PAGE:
Many Japanese see Osaka as the food capital of Japan. The locals are so passionate about food that they have an expression called "kuidaore," literally meaning "to eat till you drop.” Any foodie visiting Japan should not miss Osaka’s Dotonbori area, a neon-filled street where you can sample all the culinary delights that Osaka has to offer. Michelin launched their first guide to Kyoto Osaka in 2010.
Takoyaki (octopus dumplings) (Osaka)
Octopus dumplings are made by preparing a batter of flour blended with stock and pouring it onto a special iron plate with holes in it, adding chunks of octopus together with chopped onions and cabbage plus some pickled ginger, and baking them into balls by rolling them as they are cooked. The baked batter is crispy and spicy on the outside and soft inside, giving the dumplings a unique, crunchy texture and taste. The basic toppings are green laver, sauce or sliced and dried bonito, while mayonnaise is also becoming popular. The octopus dumplings from Kansai are not only delicious but are also small and easy to eat, making this a popular dish throughout Japan.
Yu-dofu (boiled tofu) (Kyoto)
Yudofu warms you up in cold weather and thus, is one of the main winter hotpot dishes in Japan. The light taste and smooth texture of tofu is very appealing. The hand-made tofu is cooked in a kelp-based soup, and then it is taken out before it loses its shape and dipped in sauce. Some say that the best way to enjoy it is to scoop it out of the pan as soon as it starts floating. Boiled tofu was originally eaten by Buddhist priests in Kyoto. Unable to eat meat or fish for religious reasons, tofu was a precious source of protein for them. For the same reason, many long-established restaurants offer delicious boiled tofu in Kyoto. The winters in Kyoto are rather severe, so it is exceptionally tasty there.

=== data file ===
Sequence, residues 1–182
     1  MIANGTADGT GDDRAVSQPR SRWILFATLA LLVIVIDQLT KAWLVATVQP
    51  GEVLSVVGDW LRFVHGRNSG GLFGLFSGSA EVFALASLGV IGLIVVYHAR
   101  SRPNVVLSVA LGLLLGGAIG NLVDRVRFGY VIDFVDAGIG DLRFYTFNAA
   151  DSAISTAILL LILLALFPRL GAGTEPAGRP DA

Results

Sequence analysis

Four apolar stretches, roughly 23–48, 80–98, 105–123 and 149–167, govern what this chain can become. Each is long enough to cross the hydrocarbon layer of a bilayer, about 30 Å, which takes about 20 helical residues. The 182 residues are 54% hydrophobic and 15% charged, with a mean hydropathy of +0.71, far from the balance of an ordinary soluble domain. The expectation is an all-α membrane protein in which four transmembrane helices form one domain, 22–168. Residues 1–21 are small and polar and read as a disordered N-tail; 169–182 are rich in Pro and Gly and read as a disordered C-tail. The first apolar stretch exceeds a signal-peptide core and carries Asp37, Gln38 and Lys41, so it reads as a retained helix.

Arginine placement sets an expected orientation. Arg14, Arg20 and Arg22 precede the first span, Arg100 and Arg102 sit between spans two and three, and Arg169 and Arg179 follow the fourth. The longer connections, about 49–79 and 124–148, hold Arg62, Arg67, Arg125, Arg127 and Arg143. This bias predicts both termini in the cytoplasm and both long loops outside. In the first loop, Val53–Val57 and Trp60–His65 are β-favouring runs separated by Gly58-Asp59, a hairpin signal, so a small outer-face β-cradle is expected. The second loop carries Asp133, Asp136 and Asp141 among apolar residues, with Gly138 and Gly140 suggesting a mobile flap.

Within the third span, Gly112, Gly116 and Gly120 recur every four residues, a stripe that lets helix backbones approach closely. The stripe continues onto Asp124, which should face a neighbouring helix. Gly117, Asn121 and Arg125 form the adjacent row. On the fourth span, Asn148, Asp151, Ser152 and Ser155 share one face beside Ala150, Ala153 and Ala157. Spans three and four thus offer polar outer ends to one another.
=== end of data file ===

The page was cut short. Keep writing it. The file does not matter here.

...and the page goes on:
Koya-dofu (freeze-dried tofu) (Wakayama)
Koyadofu, handed down from ancient Japanese times, is made by freezing tofu to remove water and then drying it. It is a crucial ingredient in shojin-ryori (traditional meal for Japanese Buddhist priests). Some say that the 'koya' of koyadofu came from Mt. Koya-san in Wakayama, which is a historic site for Buddhist temples. It is also called koridofu because it is made by freezing (kooraseru). Removing the water content produces a unique texture and simple taste, which cannot be attained with ordinary tofu. It is also highly nutritious and easily digested, so is very popular in Japanese households. When freeze-dried tofu is boiled, it soaks up plenty of soup, providing a flavorful, juicy taste.
Funazushi is a prized delicacy made with funa (Crucian carp) from Lake Biwa-ko in Shiga during the spawning season. After the fish is cleaned, leaving the eggs, it is pickled in salt for about a month. Then, it is washed thoroughly with water, pickled again with cooked rice and set aside for at least another six months to mature. With its unique flavour and sour taste, you must be courageous when eating it for the first time. Because it is highly nutritious, it is called "Japanese cheese," an apt description. Simply cut off a piece and eat it as it is, or enjoy it as chazuke (boiled rice with tea, porridge or clear soup). Sushi made through lactic fermentation such as this funazushi is called narezushi and is a traditional preserved food in Japan.
Iga Donabe (Mie)
Iga donabe is a claypot used for making soups, stews and rice from Iga, a historic province in the mountainous countryside of Mie prefecture. Iga is one of the oldest and most prestigious ceramic-making regions in Japan. Its speciality pottery, known as Iga-yaki, has a history of almost 1,300 years, and was developed because the clay of that region is particularly heat-resistant. The most prized pottery items made in Iga are Iga donabe claypots. If you visit Mie you should try a soup, stew or rice made in Iga donabe. You should also seriously consider buying one as a souvenir!